Ford's financial services arm can't escape a man's lawsuit alleging it continually called him with prerecorded messages even after he requested the calls stop because the inconvenience of unwanted communication amounts to a legitimate grievance under the high court's Spokeo rule, a Texas federal judge found Wednesday.
A Massachusetts federal judge on Wednesday kept alive a proposed class action accusing college and career planning company ACT Inc. of peppering businesses with illegal fax advertisements, saying ACT can't escape the suit by strategically offering a full settlement to only the named plaintiffs before class certification.
The Office of the Comptroller of the Currency on Wednesday announced the creation of a new office aimed at helping banks and other companies develop financial technology products and services that comply with federal law while meeting safety and consumer protection standards.
Two drivers involved in a larger suit against car manufacturer Fiat Chrysler Automobiles over an allegedly hacker-sensitive system in certain cars sold by Fiat asked an Illinois federal judge on Tuesday to revive their claims against the technology company that made that system now that they've dropped their claims against the carmaker.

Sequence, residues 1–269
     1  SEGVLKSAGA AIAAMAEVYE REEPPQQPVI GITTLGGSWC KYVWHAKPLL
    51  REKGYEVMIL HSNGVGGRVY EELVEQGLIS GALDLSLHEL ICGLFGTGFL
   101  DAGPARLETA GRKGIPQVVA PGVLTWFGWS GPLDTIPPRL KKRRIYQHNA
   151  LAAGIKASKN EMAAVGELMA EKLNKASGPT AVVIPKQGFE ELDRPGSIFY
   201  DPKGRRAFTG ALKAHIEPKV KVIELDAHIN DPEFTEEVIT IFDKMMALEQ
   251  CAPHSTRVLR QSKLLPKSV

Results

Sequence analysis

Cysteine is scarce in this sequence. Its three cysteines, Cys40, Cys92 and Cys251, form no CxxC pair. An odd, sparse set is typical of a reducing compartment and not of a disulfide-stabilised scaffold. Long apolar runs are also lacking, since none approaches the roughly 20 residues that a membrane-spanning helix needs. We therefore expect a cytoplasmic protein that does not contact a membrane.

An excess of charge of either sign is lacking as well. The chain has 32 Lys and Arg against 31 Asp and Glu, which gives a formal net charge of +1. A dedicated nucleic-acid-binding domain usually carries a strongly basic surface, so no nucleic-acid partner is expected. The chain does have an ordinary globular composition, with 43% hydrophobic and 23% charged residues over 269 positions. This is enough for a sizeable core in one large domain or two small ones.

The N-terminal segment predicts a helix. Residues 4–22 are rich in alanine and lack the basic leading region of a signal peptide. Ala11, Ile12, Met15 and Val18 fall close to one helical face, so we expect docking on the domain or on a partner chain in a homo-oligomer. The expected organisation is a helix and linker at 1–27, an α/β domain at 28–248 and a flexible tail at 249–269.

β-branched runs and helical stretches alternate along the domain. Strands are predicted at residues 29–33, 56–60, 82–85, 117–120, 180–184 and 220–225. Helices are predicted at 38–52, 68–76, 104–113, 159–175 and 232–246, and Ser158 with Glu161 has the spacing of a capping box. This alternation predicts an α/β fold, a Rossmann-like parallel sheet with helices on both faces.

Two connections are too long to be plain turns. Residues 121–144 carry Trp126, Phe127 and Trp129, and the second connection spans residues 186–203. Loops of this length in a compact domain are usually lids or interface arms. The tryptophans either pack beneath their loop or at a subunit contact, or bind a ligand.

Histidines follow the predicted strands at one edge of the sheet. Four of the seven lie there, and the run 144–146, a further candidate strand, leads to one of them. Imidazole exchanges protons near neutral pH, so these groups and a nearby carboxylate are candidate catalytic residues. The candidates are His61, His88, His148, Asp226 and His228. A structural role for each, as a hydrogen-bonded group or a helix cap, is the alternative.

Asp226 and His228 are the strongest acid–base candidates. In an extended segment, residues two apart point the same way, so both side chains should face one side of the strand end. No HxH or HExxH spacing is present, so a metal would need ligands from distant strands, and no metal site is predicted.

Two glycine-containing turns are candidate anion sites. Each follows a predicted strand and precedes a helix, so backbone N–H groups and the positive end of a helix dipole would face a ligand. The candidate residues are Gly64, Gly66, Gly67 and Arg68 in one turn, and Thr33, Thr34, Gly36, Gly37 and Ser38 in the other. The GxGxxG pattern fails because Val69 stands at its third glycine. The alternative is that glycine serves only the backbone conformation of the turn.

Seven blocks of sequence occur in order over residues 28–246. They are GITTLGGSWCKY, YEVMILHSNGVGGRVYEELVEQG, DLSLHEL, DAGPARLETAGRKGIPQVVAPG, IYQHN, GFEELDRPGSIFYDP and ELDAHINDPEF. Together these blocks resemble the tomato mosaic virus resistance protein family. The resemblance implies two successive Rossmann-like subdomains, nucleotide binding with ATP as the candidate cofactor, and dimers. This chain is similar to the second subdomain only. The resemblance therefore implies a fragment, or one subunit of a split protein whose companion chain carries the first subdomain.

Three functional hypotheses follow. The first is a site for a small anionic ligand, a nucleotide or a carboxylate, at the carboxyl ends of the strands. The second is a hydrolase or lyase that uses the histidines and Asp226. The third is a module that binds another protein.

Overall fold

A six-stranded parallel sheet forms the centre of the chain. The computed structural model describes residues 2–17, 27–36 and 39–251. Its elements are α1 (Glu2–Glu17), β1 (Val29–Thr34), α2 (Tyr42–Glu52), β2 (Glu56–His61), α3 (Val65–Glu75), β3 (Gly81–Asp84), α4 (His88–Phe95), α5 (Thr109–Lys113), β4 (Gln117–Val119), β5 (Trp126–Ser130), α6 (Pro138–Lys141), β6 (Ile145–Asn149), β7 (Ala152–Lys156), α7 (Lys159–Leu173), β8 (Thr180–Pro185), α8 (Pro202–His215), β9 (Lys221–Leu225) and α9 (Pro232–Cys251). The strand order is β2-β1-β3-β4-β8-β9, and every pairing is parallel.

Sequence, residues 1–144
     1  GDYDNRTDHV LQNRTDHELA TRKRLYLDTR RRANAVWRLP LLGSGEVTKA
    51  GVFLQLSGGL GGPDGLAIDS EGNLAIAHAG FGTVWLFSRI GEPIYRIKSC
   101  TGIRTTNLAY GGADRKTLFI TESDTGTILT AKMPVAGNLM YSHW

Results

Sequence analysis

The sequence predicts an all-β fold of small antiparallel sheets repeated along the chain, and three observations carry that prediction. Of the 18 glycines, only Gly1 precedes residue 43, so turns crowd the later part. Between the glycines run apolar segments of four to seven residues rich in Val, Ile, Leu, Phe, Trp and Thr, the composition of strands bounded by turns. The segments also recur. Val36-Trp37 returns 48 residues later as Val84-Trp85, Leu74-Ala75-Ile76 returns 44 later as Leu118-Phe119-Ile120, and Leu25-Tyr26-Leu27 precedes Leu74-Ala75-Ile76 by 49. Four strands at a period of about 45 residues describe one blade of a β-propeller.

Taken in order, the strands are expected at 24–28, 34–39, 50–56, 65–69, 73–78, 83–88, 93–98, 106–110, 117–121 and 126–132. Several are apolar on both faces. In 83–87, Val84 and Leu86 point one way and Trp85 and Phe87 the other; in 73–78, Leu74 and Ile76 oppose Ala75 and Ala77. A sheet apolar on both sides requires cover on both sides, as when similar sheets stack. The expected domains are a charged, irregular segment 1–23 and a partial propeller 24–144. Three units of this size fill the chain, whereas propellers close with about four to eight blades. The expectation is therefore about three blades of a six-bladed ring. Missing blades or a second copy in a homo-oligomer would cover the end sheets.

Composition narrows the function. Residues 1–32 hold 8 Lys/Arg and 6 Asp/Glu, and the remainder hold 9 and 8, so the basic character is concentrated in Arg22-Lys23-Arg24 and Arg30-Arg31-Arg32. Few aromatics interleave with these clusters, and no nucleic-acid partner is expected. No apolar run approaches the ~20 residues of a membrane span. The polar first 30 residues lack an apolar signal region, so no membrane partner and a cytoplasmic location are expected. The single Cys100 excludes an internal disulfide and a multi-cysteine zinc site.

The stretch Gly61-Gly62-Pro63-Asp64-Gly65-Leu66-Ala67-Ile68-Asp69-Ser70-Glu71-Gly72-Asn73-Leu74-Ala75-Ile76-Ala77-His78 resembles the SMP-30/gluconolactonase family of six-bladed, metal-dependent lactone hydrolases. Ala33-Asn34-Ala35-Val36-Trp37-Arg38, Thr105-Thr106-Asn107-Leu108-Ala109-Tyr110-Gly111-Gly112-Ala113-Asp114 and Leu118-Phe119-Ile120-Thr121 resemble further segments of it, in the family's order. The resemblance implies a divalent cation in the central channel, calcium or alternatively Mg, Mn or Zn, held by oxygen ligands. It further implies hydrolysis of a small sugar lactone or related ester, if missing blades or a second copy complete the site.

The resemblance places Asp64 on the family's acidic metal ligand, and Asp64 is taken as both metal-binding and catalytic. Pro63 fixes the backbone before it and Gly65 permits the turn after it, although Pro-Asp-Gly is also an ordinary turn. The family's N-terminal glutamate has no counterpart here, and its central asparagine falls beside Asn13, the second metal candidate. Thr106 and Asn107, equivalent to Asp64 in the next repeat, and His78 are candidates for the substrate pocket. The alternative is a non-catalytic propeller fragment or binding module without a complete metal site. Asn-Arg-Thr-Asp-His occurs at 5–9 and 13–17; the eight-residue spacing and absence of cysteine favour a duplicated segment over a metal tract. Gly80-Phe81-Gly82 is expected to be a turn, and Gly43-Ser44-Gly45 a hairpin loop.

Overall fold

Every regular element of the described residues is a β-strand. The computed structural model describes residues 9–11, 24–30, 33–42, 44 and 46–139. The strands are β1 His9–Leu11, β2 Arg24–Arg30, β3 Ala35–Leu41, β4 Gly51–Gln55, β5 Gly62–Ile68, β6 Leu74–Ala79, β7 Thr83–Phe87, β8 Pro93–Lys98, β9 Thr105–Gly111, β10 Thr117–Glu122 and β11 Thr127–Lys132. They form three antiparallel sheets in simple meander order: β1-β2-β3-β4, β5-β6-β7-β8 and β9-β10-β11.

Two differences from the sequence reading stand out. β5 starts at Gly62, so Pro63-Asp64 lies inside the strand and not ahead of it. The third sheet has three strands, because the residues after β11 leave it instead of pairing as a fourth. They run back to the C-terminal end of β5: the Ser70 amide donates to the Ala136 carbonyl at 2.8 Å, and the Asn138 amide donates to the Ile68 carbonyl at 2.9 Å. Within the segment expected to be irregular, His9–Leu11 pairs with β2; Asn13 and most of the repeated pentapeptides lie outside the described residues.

Amco Insurance Co. on Wednesday urged a Colorado federal court to rule that it does not have to defend The Vitamin Cottage in a proposed customer class action over a cyberattack against the health-food chain, arguing that the underlying lawsuit claims only economic losses that don't fall within the scope of its policy.
A wide variety of companies have taken steps to bulk up their in-house expertise on cybersecurity and privacy, experts said Wednesday, as businesses look to develop the ability to prevent and respond to data breaches before reaching out to outside counsel.